However, as I argued yesterday, such thinking concludes that this time IS different, for the norm in a post crisis environment is for extraordinary measures to be exerted, which includes fundamental changes in the rules of the game. Therefore, this time is not different as crises do occur and the subsequent environment requiring fundamental change is the norm.
Who will be right? The cyclical-recovery-saves-the-day crowd or the we-need-to-address-the-structural-problems club? Time will tell, which I suspect will be sooner than most think. One thing is for sure, however, someone is going to be real right and the other will be real wrong.
Investment Strategy Implications
My money is with the structural problem club. However, the cyclical dreamers are in control right now. Therefore, as an investor and investment strategist, I cannot act aggressively until the technical analysis signs that the market is ready to embrace the more worrisome view of my club. (Think, the recent vintage tech and real estate bubbles.)
Accordingly, before shifting from the currently cautiously bullish (60 to 90% in equities) posture to neutral (40 to 60% in equities) to outright bearish (<40%) clear technical analysis signs, most notably external and internal divergences, must be evident. At present, as noted last week only the internal divergences are. Therefore, cautiously bullish (the equivalent of driving with one foot on the brake) remains the advisable strategy.
As history teaches us all too well: delusional thinking rooted in old school dogmas can maintain its grip for a very long time.
Tuesday, October 5, 2010
The bulls (not the bears) would have you believe that this time is different.
The root of this view in anchored in the dogma that the cyclical recovery cures all ills as follows:
The cyclical recovery evolves as increased corporate spending on wages and new hires which, along with an increase in emerging economies’ consumer spending, result in a consumer led demand driven sustainable cyclical expansion. Corporate profits rise further enabling the virtuous circle to become engaged.
The sustainable cyclical expansion then helps to alleviate the structural risks to the global economy – e.g. current account imbalances – thereby enabling the financial sector to recover further and move the global economy off government life support.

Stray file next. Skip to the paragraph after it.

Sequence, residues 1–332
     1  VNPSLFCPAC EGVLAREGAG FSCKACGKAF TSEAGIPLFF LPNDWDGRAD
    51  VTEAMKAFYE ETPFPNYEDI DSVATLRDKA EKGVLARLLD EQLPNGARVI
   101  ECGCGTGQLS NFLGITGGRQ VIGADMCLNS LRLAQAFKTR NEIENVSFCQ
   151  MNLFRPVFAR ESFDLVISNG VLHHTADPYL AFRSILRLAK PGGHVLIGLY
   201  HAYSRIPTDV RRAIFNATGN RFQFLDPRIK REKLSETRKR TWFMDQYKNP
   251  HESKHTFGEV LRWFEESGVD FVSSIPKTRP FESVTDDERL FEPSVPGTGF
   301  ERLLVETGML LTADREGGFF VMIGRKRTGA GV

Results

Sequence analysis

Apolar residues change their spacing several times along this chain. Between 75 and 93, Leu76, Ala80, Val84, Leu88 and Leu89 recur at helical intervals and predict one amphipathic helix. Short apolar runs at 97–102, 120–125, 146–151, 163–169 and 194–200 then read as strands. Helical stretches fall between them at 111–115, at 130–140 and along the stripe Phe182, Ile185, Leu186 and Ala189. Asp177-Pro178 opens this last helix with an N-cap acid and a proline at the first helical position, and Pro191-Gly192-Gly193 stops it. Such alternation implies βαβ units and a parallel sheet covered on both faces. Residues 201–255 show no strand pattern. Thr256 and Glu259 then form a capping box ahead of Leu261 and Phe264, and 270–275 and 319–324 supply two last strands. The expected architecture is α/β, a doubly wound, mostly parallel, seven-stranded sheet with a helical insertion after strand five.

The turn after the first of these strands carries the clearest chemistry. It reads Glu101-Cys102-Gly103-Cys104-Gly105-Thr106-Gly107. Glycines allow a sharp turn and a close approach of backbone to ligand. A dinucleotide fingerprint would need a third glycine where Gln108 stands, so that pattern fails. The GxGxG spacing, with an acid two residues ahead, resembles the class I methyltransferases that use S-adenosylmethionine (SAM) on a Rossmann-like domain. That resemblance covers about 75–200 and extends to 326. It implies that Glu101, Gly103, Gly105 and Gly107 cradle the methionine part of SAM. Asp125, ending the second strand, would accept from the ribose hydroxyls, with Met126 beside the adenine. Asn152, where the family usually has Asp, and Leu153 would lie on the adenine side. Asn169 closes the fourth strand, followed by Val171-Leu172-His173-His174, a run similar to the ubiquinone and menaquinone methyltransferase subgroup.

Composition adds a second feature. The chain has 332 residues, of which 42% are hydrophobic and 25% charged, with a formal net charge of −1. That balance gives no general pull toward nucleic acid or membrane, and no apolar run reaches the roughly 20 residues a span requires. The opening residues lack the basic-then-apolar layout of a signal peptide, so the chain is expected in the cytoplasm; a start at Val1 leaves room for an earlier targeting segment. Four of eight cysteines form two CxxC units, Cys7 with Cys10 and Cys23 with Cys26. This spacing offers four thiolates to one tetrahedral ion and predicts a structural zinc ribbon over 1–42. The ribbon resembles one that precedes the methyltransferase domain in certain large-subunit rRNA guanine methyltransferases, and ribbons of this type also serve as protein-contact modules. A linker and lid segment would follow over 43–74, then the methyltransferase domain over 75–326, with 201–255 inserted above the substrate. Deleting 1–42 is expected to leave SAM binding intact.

The financial markets respond with a move more toward normality as rates rise, the dollar stabilizes, gold loses its luster, and equity valuation levels return to above average (>15 times). The combination of higher corporate profits and above average P/E levels drives stock prices back to record highs, which for the S&P 500 means 1548 (18 x $86).
An era of growth and prosperity returns thereby proving that this time is not different; that there will be no new normal (i.e. below average growth and profitability).
Sounds good, doesn’t it? Even plausible, provided one thing – conventional thinking in unconventional times requires a belief that this time IS different.
The Burden of Proof
The bulls would have everyone believe that the burden of proof that this time is different falls on those who say what was no longer works (the old normal) and that the future is a place of great uncertainty (the new normal) with the road ahead a most bumpy one. There’s one problem with this thinking – evolutionary processes to new normals are normal. A purging of the old always occurs and it always leads to a new normal, whatever that new normal may be.
Extrapolating the recent past into the future often becomes a substitute for first order thinking. Be it fighting the last war or blindly accepting corporate earnings guidance, embedded interests conspire to preserve the status quo, which facilitates a blindness to change. And it is change that is normal, not what-worked-before-will-work-again-indefinitely thinking, made all the more illogical given the highly dynamic complex global macro environment the world finds itself in.
In evolution, those that are about to become extinct are the last to notice. The same is true in the social sciences of economics and the markets, where old rules in changed times demand the view that this time is different.